It's kinda like wrestling a gorilla... you don't stop when you're tired, you stop when the gorilla is tired.

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What I'm trying to do specifically is experiment with flavoring aerated chocolates. I've got the aerating technique down now and get really nice results with white, milk and dark chocolate and want to take it another step and incorporate flavors into the chocolate. I don't temper the chocolate to be aerated, it's either used as is for plate decoration or coated in tempered chocolate after it sets so tempering isn't an issue.

So if it's aerated you might be able to use the freeze dried fruit powders. I'd be interested to hear about your results.

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Are you guys able to achieve consistent flavors using only natural means?

The Boiron purees are pretty consistant so that helps. If you make up your own purees, then it's more hit and miss.

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Are you guys able to achieve consistent flavors using only natural means?

Certainly something like natural oils would allow you consistency from batch to batch. For infusions, I get variation across batches, but consider that part of the charm of all natural small batch production. :-) I'd be more concerned about consistency if I had a bigger operation.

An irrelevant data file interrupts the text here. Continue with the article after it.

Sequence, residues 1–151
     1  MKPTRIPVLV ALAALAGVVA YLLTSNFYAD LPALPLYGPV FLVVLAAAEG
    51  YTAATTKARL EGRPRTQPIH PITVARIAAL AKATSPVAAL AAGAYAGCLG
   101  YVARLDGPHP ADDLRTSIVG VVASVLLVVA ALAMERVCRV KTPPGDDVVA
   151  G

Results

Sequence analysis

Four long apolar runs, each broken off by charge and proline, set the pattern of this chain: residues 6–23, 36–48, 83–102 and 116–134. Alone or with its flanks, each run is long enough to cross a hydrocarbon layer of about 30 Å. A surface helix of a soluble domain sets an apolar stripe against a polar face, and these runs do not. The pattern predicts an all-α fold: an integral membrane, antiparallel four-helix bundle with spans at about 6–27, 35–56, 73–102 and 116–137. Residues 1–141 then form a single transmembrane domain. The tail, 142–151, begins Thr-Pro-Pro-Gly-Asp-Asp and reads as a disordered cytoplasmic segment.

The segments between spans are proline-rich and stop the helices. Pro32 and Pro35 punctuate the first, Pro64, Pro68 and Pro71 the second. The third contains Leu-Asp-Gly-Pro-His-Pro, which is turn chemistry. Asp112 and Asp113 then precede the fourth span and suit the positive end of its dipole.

Tammy's Tastings

Creating unique food and drink experiences

eGullet Foodblogs #1 and #2
Dinner for 40

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I agree, stay away from anything artificial. It just doesn't taste right, and even if it did, I still wouldn't use it. I agree on kerry's method. you may need to use several different things to get the flavor you want.

I'm sure many others will agree, the only way to do it, is to start experementing, until you come up with what your looking for.

Like Kerry, I've tried many strange things in chocolate, and some things work and some don't. Keep an open mind, you never know what will work until you try it. I've been surprised many times.

Luis

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I get flavor into my chocolates in lots of different ways, depending on what flavor I'm looking for. I do a lot of cream infusions - like coffee and various herbs. I add liquid flavorings like alcohol, liqueurs and concentrated fruit juices.  I use reduced fruit purees. I use natural flavoring oils as well (citrus, mint).  I almost never use artificial flavors - the only time I've done that is for coconut, when I couldn't find a natural coconut flavor (I have since found one, though).

There are lots of options because there is no one right answer - some things are appropriate for one flavor and not another.  And sometimes you'll use multiple techniques in the same piece - my "Intense Orange" flavor uses finely grated orange zest infused in cream and also Grand Marnier added to the ganache when it's finished, for example.

I've searched for a natural coconut flavor, and have yet to find one natural. Any advice on where to find it?

Luis

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I've searched for a natural coconut flavor, and have yet to find one natural. Any advice on where to find it?

Luis

Luis,

Here is one that claims to be natural.